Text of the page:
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How to Brew Loose Leaf Tea in a Gaiwan

The Gaiwan is a traditional Chinese tea brewing vessel comprised of three parts including the lid, bowl, and saucer. Translating literally to “lid and bowl,” the Gaiwan is most often made from porcelain and flourished during the Ming dynasty when loose leaf teas came into fashion. Among tea enthusiasts, the Gaiwan is preferred vessel for appreciating the aromas of fragrant teas.

GATHER ITEMS

To prepare tea with a Gaiwan, you will need:
1. Gaiwan
2. Waste bowl
3. Tablespoon
4. Timer
5. Serving pitcher
6. Teacups

WARM GAIWAN

Add freshly boiled water to the gaiwan to pre-warm.

WARM TEACUPS

Add freshly boiled water to the teacups to pre-warm.

DISCARD

Discard water into waste bowl.

ADD TEA

Fill gaiwan 20% full if using ball-rolled tea; 60% full if using twist-rolled tea.

AWAKEN LEAVES & ADD WATER

For baked oolong and pu’er teas, add fresh hot water to just cover the leaves, then immediately discard. This rinse helps to “warm and smooth” the taste of the tea. After awakening, slowly pour water over rinsed leaves until covered with water, just below the rim of the gaiwan.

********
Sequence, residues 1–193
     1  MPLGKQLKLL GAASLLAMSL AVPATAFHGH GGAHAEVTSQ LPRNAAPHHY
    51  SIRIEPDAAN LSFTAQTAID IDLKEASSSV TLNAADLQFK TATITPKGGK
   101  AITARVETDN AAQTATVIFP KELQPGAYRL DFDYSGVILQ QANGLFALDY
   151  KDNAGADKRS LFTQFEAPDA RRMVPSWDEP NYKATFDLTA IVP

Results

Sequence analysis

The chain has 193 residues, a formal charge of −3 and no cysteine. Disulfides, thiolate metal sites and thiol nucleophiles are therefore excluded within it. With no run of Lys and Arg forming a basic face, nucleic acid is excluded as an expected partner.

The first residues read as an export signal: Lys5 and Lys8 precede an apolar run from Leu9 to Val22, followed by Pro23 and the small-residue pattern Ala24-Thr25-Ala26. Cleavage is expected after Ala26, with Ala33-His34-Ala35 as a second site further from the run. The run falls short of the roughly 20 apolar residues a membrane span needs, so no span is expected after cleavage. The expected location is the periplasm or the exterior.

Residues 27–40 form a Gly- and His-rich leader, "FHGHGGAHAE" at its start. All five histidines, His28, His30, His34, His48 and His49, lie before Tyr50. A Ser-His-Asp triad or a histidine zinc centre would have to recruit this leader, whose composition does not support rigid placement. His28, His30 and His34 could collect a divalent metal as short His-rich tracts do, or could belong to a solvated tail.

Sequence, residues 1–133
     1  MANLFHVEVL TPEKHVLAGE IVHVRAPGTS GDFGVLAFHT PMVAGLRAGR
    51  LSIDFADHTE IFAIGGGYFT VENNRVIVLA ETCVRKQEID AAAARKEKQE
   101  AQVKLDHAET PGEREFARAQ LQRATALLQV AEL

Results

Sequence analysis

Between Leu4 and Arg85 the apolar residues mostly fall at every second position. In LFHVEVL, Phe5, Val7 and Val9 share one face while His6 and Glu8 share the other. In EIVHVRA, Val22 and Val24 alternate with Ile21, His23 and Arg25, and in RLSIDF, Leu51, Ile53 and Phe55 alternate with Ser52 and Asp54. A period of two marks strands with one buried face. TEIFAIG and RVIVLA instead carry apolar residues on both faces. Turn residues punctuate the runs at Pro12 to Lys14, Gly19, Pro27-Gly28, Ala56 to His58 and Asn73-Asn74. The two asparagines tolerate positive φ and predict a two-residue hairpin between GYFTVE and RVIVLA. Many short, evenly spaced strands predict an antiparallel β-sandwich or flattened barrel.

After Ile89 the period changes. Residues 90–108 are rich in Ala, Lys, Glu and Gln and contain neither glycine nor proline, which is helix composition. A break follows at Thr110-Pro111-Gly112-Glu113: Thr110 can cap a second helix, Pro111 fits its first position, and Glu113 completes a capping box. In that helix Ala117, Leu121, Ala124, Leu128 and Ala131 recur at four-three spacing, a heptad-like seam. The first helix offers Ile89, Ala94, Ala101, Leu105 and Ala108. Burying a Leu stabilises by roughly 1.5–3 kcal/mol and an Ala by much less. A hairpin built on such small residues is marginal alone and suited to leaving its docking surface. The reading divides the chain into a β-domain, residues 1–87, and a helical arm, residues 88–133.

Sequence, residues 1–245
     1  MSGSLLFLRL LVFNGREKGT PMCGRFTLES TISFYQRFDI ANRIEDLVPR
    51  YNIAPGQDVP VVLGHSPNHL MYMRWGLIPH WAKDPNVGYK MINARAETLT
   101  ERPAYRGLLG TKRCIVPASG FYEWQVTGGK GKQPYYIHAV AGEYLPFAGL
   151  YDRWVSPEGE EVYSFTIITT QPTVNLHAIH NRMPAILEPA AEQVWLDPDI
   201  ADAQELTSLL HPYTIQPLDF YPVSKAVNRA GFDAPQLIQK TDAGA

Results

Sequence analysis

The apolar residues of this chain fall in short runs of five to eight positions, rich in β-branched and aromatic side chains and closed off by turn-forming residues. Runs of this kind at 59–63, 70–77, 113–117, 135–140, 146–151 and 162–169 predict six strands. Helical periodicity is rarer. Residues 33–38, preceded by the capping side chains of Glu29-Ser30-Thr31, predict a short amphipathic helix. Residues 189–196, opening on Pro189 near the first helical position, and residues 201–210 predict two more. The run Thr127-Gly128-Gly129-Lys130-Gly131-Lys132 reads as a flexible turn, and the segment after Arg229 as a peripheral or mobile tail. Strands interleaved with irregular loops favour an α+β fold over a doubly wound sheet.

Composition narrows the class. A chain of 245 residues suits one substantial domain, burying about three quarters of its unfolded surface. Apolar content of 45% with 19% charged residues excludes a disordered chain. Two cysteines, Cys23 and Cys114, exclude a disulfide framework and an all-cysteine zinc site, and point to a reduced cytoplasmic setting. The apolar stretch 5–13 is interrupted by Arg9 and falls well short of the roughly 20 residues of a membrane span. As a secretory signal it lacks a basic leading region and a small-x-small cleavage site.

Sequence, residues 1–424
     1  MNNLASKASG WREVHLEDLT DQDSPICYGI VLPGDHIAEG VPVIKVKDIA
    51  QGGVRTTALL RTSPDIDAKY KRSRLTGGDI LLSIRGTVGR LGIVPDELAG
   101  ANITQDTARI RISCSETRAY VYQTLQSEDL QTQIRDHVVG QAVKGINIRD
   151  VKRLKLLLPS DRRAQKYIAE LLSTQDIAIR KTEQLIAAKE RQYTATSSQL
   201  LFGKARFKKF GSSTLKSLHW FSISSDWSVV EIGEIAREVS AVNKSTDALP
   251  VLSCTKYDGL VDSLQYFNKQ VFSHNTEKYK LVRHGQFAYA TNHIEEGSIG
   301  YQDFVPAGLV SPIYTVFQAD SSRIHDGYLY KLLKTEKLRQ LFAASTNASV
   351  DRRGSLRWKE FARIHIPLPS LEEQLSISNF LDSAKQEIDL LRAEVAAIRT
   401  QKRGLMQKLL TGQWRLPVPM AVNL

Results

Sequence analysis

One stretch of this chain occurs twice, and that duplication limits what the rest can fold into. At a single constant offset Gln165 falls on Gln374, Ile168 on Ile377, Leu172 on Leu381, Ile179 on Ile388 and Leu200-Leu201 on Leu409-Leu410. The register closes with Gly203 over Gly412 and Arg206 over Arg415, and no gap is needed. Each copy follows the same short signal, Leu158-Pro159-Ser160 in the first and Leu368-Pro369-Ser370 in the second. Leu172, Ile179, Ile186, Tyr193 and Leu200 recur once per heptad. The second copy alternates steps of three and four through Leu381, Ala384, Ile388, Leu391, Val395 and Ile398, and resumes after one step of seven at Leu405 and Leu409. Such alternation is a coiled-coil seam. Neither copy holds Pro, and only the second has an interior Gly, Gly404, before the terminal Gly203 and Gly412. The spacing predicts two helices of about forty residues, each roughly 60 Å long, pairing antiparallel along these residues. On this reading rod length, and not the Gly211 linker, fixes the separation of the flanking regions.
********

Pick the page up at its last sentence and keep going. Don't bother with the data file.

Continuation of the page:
INFUSE

Add lid. The water level should rise slighty above the lid to create a seal for locking in aromas. Steep for the recommended infusion time.

POUR

Adjust the lid position slightly to create an open space for the infusion to decant. Hold gaiwan bowl using thumb and middle finger on the rim, while securing the lid with index finger. Using a swift motion, tilt gaiwan forward and slightly inward to decant into a serving pitcher.

SERVE

Pour from serving pitcher into individual teacups.

STACKING INFUSIONS

AStack multiple infusions together in a serving pitcher by repeating the previous steps. You can keep the “root” of the infusion alive in the serving pitcher, and simply add subsequent infusions to that liquid.

ENJOY

Pour a small amount of your stacked infusions into each teacup, alternating from one cup to the next to ensure each cup has equal concentration of flavor.

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